Prejudices against homosexuality in classical Athens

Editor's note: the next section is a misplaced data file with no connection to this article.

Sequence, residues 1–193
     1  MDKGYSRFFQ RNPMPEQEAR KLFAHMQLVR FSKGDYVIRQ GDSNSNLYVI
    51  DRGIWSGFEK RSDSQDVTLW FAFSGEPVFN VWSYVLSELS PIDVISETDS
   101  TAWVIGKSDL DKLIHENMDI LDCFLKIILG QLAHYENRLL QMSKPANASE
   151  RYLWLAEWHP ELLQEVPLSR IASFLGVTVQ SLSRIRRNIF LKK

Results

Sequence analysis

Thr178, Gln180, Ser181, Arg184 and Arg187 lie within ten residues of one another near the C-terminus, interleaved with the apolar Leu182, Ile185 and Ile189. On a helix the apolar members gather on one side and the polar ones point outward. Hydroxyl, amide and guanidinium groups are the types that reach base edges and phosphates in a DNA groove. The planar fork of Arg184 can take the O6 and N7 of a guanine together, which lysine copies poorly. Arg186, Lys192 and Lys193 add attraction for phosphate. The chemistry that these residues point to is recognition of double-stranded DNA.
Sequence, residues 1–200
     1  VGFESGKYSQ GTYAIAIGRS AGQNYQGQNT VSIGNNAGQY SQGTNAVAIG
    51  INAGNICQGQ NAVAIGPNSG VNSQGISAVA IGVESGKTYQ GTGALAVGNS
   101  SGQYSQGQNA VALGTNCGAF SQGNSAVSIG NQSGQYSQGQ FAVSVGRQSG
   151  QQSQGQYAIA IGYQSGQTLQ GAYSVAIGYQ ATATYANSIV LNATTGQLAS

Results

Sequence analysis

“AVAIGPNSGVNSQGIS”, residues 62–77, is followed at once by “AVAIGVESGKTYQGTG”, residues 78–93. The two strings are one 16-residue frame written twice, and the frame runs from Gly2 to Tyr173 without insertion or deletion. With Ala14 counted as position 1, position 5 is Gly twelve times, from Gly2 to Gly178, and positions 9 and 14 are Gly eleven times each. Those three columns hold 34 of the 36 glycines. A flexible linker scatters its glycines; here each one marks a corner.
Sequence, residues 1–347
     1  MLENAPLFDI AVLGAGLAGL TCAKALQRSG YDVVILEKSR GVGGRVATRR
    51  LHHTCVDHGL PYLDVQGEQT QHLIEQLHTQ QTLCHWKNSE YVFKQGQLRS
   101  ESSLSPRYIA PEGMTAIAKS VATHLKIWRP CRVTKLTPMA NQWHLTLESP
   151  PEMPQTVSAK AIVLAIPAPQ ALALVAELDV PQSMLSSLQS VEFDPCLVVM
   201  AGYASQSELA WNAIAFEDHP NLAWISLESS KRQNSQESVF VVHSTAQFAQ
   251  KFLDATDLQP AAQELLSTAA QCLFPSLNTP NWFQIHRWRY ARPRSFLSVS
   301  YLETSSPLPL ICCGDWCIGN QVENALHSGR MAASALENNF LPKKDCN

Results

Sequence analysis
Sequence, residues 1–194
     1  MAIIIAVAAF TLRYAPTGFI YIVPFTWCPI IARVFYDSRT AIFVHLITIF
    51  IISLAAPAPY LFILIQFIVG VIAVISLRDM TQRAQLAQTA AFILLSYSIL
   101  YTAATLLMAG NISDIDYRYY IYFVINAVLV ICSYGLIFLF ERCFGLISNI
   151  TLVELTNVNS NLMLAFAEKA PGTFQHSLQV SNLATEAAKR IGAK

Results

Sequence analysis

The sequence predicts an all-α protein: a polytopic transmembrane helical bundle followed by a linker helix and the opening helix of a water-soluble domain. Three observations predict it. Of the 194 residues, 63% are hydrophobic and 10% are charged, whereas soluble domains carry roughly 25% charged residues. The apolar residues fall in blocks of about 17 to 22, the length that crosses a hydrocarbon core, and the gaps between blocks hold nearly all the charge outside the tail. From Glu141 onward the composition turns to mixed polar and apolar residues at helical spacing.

The following paper discusses the problem of the alleged prejudices of the Athenian masses against homosexuality in the second half of the fifth century BC. It has been suggested that the unsympathetic perception of pederasty might have been as a result of the generally unfriendly attitudes of the so-called common people towards behaviours associated with the social elite. In what follows, I argue that there is no reason to think that homosexual desires and behaviours were limited to the upper classes; prejudices against homosexuality can hardly be taken, therefore, as a result of populist sentiments. Moreover, it seems that few or no phenomena recorded in our sources relevant to classical Athens can really be associated with homophobia as such.
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